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When the peace and serenity of the Rocky Mountains is tainted by murder, Jennifer feels she must do everything she can to find the murderer clear the good name of her resort. With her close friend, Clint, she works to unravel the story of a gold heist, a mysterious historical society, and foul murder. They will have to bend the rules and call in favors if they are going to catch the murderer before he gets away.
As there are persons whose expression fascinates and wins us through something that we keenly feel but cannot clearly understand, so is it also true of some natural scenes. Such an impression took possession of me at first view of the so-called Beer Spring. I have looked on finer and more majestic scenes, but never found a more home-like place than this valley... -F.A. Wislizenus in A Journey to the Rocky Mountains in the Year 1839 With a keen and ardent eye, Wislizenus, a German physician, recounts his ramblings in the American West. Seized by a wanderlust that compelled him to leave his rural practice as a country doctor behind, albeit temporarily, Wislizenus joined an expedition of fur traders and, funded by his own modest savings, journeyed through Wyoming and Idaho on the Oregon Trail and then into Colorado. Here he regales us with notes on the geography and history of the region, as well as observations on the wildlife, plants, and peoples of the mountains, capturing in captivating words a now greatly changed realm. AUTHOR BIO: Frederick Adolph Wislizenus (1810-1889) was born in Germany, the son of a pastor, and originally planned to enter the ministry until the natural sciences captured his interest. He studied medicine at the University of Zurich, served in hospitals in Paris and New York, and eventually set up practice in the American Midwest. In later life, he explored the American Southwest more thoroughly, with the full support of the U.S. government. A respected naturalist and writer, he was a charter member of the Academy of Science of St. Louis and one of the founders of the Missouri Historical Society.
"A Lady's Life in the Rocky Mountains" is the story of Isabella Bird, daughter of a clergyman, who set off alone in search of health and found she had embarked on a life of adventurous travel. Over the years she explored Asia, the Sandwich Islands, Hawaii, and both the Eastern and Western United States. In 1873, wearing Hawaiian riding dress, she rode her horse through the American Wild West, a terrain only newly opened to pioneer settlement. Traveling alone, usually on horseback, often with no clear idea of where she would spend the night in what was mostly uninhabited wilderness, Isabella Bird covered over a thousand miles, most of it during the winter months. A well-educated woman who had known a comfortable life, she thought nothing of herding cattle at a hard gallop, falling through ice, getting lost in snowstorms, and living in a cabin where the temperatures were well below zero and her ink froze even as she wrote. She befriended desperados and climbed 14,000 foot mountains, ready for any adventure that allowed her to see the unparalleled beauty of nature. Her rare complaints had more to do with having to ride side-saddle while in town than with the conditions she faced. "A Lady's Life in the Rocky Mountains" contains letters written to Isabella's sister during her six-month journey through the Colorado Rockies in 1873. They tell of magnificent, unspoiled landscapes and abundant wildlife, of encounters with rattlesnakes, wolves, pumas and grizzly bears, and her reactions to the volatile passions of the miners and pioneer settlers. An awe-inspiring woman, Isabella Bird was a talented writer who brings to life, in "A Lady's Life in the Rocky Mountains," the Colorado of more than one hundred years ago, when today's big cities were only a small collection of frame houses, and beautiful scenic areas were still largely untouched. A classic account of a truly astounding journey.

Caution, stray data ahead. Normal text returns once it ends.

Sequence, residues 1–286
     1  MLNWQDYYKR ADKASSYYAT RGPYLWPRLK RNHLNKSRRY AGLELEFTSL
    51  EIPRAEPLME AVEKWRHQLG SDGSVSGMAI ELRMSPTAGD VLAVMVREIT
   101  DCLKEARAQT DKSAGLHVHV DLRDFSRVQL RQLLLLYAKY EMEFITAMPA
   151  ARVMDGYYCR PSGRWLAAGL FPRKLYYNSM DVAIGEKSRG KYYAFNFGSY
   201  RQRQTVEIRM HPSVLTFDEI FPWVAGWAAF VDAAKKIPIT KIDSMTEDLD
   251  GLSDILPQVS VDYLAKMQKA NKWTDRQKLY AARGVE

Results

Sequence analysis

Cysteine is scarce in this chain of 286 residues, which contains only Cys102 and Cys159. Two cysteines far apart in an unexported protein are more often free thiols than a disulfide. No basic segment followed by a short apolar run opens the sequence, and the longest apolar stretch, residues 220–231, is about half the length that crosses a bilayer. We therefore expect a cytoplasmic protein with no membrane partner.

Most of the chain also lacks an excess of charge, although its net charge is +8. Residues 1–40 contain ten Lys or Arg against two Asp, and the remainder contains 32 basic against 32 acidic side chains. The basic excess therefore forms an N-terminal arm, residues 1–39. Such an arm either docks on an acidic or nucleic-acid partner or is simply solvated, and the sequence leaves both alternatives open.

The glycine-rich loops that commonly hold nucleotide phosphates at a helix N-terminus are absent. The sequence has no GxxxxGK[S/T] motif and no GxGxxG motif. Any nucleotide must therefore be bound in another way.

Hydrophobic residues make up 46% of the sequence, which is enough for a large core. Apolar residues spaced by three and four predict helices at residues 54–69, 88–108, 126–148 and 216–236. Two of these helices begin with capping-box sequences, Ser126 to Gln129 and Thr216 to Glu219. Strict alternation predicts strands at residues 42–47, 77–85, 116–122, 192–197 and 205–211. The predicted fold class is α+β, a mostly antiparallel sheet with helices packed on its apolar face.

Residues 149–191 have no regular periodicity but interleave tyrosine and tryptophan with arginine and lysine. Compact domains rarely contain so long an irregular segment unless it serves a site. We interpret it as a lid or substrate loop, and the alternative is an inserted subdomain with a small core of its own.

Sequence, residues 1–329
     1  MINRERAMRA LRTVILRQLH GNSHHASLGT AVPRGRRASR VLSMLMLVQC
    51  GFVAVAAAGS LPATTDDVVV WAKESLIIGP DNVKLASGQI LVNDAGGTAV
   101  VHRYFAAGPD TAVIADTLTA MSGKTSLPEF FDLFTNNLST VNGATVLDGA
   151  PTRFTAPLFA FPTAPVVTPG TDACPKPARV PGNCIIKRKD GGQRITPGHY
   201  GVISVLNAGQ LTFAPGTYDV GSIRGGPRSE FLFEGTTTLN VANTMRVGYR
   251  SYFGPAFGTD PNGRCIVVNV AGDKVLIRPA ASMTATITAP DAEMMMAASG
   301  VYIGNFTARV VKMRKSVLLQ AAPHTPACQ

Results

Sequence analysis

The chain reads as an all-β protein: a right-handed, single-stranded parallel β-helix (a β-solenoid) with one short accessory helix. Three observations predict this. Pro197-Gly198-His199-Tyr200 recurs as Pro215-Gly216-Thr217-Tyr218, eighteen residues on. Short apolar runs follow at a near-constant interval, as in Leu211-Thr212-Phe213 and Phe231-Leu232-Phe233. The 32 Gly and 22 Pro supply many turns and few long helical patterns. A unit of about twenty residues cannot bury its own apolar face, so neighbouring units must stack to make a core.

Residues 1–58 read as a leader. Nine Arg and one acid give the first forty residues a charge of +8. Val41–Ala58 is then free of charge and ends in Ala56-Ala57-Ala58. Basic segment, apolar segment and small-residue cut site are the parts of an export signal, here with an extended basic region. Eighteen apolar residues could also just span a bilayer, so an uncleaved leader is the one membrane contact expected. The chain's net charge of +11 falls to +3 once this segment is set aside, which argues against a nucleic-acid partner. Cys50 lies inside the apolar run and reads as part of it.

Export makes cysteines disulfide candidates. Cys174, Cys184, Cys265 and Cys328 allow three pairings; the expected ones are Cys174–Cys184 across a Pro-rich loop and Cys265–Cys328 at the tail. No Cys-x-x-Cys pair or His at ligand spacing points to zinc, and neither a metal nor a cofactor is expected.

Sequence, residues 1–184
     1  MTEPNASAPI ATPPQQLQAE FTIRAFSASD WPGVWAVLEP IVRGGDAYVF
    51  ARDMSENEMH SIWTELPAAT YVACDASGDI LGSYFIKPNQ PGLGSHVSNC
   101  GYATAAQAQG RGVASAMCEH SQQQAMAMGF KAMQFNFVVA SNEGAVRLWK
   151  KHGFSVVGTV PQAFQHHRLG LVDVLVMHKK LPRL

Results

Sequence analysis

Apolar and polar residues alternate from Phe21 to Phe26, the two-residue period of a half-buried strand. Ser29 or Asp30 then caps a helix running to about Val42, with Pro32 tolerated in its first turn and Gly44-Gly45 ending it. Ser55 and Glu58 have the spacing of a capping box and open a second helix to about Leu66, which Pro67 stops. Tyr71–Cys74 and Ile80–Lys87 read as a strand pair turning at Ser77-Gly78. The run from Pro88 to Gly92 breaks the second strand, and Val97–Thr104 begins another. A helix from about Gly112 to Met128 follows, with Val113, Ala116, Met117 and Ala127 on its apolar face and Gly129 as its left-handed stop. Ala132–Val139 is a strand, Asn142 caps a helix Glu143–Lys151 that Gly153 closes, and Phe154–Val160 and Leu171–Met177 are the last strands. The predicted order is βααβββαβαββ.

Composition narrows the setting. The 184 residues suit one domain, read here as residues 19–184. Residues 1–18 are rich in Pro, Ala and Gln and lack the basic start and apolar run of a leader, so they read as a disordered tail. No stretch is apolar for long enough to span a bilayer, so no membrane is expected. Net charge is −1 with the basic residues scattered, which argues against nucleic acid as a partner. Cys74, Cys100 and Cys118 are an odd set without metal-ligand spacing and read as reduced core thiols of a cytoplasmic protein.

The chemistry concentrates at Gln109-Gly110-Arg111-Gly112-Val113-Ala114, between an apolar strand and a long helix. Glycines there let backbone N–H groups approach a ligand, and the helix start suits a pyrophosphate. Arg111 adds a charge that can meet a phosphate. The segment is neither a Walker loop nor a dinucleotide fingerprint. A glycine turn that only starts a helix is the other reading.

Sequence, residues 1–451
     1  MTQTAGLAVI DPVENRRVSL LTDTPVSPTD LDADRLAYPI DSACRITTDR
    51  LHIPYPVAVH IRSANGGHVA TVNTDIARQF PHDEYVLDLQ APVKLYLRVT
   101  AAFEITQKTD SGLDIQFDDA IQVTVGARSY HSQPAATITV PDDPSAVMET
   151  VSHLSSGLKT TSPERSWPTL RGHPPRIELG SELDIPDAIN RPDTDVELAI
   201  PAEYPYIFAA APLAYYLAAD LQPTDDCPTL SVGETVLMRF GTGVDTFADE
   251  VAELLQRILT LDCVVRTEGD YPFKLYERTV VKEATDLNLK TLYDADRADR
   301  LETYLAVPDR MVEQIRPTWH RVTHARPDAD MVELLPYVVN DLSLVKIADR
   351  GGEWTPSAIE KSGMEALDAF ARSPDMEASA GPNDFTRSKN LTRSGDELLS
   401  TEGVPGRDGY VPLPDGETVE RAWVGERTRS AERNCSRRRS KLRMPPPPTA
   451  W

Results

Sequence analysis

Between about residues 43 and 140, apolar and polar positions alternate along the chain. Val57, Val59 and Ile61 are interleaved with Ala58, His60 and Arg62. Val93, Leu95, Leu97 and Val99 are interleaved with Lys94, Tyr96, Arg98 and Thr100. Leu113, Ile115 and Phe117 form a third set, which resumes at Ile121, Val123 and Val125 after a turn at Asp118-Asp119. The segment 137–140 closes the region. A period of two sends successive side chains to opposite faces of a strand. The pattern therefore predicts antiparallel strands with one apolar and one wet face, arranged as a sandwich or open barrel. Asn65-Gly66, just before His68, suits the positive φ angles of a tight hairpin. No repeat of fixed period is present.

This collection of literature attempts to compile many of the classic works that have stood the test of time and offer them at a reduced, affordable price, in an attractive volume so that everyone can enjoy them.
Mountains cover a quarter of the Earth's land surface and are home to about 12 percent of the global population. They are the sources of all the world's major rivers, affect regional weather patterns, provide centres of biological and cultural diversity, hold deposits of minerals, and provide both active and contemplative recreation. Yet mountains are also significantly affected by climate change; as melting and retreating glaciers show. Given the manifold goods and services which mountains provide to the world, such changes are of global importance.